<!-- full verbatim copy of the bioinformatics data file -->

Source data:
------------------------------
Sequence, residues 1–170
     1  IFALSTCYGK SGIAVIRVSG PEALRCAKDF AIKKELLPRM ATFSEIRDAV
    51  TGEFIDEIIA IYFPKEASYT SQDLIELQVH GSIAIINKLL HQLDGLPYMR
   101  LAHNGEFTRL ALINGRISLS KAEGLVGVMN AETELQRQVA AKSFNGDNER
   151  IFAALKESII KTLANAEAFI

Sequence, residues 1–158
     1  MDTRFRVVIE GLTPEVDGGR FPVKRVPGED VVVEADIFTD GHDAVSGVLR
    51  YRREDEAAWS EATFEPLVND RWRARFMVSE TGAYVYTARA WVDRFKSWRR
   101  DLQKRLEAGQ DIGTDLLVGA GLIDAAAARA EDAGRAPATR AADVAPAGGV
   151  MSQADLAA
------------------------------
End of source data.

Sequence, residues 1–170
     1  IFALSTCYGK SGIAVIRVSG PEALRCAKDF AIKKELLPRM ATFSEIRDAV
    51  TGEFIDEIIA IYFPKEASYT SQDLIELQVH GSIAIINKLL HQLDGLPYMR
   101  LAHNGEFTRL ALINGRISLS KAEGLVGVMN AETELQRQVA AKSFNGDNER
   151  IFAALKESII KTLANAEAFI

Sequence, residues 1–158
     1  MDTRFRVVIE GLTPEVDGGR FPVKRVPGED VVVEADIFTD GHDAVSGVLR
    51  YRREDEAAWS EATFEPLVND RWRARFMVSE TGAYVYTARA WVDRFKSWRR
   101  DLQKRLEAGQ DIGTDLLVGA GLIDAAAARA EDAGRAPATR AADVAPAGGV
   151  MSQADLAA